In ancient times sacrifice was an important part of most religious rituals and was carried over into the Judeo-Christian belief system. The one sacrificed was the bridge between the human and divine offered to the gods as an appeasement, a petition, or in celebration because the one performing the sacrificial ritual did not feel worthy or in communion with the divine.
Humanity has always perceived there must be an intermediary between themselves and the divine. Whereas, in actuality, it would benefit humanity to see the integration of their actions and thoughts as the intermediary.
Sacrifice by its very nature–be it self-sacrifice, the sacrificing of another to a god or upon the cross for the sins of humanity–creates a chasm between the divine and the human.
The man, Jesus, died and sacrificed himself for his own beliefs. So integrated was the knowledge of who he was that his actions and his thoughts were in alignment–and they were manifest into reality. His resurrection was the spiritual regeneration, the energetic vibration of actions and thoughts in pure alignment propelled by emotion. Though like any human he desired a full and complete life, he was quite aware that there was no loss–and he walked bravely, knowingly and effortlessly from one dimension to the next.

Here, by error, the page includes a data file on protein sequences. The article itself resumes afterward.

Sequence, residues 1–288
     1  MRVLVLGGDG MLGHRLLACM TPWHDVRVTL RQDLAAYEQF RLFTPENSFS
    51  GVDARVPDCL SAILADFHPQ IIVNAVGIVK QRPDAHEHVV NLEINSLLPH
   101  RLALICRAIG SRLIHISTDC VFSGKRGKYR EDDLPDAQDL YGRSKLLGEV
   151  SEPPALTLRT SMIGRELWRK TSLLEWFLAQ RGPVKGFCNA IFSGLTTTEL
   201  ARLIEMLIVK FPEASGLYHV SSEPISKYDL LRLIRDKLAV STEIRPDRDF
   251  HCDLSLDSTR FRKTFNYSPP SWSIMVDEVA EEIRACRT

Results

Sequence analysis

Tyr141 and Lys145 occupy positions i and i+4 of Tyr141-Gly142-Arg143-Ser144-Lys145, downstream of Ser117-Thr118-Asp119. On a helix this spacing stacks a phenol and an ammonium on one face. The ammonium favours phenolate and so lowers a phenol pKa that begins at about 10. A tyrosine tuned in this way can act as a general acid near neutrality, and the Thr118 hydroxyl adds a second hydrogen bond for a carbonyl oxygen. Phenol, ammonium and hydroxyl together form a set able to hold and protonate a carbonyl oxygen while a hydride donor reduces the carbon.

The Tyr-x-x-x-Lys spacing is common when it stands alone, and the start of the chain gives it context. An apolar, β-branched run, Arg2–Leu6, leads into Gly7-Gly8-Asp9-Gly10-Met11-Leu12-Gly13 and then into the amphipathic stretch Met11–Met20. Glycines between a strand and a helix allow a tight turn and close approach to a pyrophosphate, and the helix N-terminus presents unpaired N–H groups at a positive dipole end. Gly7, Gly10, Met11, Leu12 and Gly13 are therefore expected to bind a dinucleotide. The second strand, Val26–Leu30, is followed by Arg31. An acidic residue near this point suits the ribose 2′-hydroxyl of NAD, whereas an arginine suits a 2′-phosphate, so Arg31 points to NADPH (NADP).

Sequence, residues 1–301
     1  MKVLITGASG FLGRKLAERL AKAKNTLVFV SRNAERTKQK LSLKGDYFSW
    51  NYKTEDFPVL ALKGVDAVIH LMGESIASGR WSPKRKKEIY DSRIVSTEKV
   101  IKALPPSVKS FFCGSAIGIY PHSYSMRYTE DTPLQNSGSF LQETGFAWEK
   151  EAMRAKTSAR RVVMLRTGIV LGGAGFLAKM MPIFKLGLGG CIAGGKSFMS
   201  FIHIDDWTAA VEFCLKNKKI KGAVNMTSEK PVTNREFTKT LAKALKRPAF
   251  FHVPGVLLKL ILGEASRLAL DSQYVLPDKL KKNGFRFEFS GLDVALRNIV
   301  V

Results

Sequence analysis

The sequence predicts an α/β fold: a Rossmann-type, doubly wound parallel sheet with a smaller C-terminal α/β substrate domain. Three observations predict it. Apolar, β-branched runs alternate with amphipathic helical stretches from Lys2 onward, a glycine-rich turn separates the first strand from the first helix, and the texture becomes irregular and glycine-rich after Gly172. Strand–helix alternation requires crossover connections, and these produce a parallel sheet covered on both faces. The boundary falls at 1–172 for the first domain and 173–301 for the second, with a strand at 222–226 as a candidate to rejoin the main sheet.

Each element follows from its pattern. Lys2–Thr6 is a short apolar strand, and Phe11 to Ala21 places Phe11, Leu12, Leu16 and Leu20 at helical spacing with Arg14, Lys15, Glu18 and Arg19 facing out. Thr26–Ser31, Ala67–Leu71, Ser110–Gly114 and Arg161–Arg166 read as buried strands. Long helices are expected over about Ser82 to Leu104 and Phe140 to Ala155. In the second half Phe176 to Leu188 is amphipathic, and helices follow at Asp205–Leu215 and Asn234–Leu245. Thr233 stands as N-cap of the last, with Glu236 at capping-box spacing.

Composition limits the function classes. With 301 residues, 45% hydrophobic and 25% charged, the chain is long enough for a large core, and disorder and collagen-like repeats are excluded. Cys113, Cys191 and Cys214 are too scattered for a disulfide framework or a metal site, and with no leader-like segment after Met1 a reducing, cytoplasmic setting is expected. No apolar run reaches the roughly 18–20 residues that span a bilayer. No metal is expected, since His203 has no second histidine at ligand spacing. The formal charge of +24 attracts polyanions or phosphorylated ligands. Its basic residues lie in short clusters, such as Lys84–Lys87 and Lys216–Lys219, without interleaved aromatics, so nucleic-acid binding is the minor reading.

It is, indeed, a powerful statement of the eternal existence of humanity when one of the children ascends.